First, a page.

If you could meet one of your characters in real life, who would it be and why?
Lieutenant-Colonel the Honourable Aeneas Bancroft, based on the real colonel of the 4th Regiment of Foot, Robert Rich, whose right hand was severed from his wrist by a Highland broadsword at the battle of Culloden. Bancroft is homosexual in a time when homosexuality in the British armed forces is a crime punishable by death; he has become addicted to opium; and his love for his profoundly psychologically disturbed second-in-command becomes one of Coronach’s great tragedies. Bancroft haunts me: his passion, his yearning, his courage, his vulnerability. I feel the deepest compassion for him.
How important was it to you to have strong female characters in the narrative?
It never occurred to me that they would not be strong. Margaret, who speaks through me and whose memoir Coronach comprises, is a survivor, a child of war and rebellion, an eye-witness to history. Daughter, lover, companion, friend, surrounded by very dangerous men in a very dangerous age: you were strong, or you became a victim. Very little has changed for women.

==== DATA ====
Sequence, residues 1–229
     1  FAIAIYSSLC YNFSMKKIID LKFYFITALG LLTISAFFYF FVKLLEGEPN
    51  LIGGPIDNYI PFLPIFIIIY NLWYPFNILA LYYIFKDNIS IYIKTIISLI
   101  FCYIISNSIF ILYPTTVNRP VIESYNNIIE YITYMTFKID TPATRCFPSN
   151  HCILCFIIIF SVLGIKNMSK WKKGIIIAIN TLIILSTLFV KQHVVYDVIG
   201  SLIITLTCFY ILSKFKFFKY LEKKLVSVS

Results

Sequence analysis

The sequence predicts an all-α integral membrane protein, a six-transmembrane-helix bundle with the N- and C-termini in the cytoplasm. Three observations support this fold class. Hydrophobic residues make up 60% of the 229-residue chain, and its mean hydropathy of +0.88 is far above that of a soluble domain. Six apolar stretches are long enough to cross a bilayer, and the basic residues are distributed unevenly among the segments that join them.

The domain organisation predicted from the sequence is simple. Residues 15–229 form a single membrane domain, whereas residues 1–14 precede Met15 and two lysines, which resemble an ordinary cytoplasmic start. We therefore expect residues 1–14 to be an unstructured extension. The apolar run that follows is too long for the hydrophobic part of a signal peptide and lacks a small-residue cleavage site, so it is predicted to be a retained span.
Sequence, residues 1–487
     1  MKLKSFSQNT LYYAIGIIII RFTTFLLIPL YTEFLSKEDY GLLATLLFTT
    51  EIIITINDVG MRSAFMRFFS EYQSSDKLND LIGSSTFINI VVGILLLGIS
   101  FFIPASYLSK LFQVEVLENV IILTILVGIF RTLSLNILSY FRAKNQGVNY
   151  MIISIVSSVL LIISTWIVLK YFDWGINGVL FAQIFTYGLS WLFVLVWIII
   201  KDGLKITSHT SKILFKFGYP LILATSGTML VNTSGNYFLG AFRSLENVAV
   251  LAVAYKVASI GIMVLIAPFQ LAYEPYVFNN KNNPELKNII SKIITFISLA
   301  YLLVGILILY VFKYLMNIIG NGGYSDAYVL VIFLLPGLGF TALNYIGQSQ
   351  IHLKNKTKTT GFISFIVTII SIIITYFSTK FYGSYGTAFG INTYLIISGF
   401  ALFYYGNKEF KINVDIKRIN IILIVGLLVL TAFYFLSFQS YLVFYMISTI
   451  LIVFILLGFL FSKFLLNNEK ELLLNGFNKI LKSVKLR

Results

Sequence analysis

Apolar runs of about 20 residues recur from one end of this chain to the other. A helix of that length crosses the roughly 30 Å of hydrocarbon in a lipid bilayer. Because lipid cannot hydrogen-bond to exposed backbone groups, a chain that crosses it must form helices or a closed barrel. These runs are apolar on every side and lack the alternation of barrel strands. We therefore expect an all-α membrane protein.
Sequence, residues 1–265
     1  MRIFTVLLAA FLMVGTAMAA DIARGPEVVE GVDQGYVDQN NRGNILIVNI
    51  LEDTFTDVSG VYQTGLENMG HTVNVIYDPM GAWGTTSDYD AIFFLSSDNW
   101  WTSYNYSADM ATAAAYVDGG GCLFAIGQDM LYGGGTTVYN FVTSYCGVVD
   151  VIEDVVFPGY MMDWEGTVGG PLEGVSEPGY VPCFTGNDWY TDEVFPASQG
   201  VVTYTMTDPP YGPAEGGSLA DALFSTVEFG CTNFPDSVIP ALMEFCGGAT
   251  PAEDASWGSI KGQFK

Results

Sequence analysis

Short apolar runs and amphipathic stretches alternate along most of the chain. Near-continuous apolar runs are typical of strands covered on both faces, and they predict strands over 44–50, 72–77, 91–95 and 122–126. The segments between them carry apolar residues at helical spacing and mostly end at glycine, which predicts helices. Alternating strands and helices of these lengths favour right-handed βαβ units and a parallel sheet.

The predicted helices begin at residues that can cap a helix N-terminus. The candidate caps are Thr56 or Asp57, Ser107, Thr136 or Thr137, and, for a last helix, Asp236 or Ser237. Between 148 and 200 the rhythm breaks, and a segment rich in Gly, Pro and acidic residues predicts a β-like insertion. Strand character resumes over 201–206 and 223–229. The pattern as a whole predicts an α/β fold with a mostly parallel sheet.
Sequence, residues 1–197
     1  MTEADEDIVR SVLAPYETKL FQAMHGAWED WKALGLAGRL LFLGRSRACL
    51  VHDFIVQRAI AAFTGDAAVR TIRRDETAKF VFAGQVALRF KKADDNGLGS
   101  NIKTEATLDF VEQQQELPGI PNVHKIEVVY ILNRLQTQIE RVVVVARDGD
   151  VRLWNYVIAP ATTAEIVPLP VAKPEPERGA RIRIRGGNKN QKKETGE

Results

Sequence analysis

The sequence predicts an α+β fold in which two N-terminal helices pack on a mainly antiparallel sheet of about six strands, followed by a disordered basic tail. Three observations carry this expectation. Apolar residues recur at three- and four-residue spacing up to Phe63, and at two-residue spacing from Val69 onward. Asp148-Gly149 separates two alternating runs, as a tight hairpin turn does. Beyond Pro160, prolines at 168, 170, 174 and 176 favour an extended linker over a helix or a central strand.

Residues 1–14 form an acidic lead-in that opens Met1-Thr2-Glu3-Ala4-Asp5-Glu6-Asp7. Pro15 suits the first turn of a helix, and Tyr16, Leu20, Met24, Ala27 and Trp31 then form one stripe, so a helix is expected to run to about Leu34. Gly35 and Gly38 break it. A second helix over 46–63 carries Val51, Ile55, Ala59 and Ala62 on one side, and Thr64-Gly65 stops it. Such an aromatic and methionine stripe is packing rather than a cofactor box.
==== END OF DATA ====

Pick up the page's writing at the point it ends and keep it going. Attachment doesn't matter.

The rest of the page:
What advice would you give to someone who would like to try writing historical fiction?
Learn your craft. Know your subject. Find your voice. Speak your truths - the truths of history and the truths of life - and let no one and nothing dissuade you from standing by them. Learn the rhythms of your characters’ speech: listen to them. And write, revise, rewrite, perfect. Because you are a wordsmith and an historian and a storyteller, and it is not just a hobby. It is the very essence of who you are.
Extract from Coronach
The Culloden battalions were recalled to Flanders, where they were once more engaged in bitter conflict with the French.
The Highlands were divided into four military districts, garrisoned, and harried by patrols of dragoons who routed out fugitives and rumours of spies with sullen determination. They came and went, staying in shielings and bothies, sometimes dirked or shot, mostly shooting, raping and hanging where they pleased.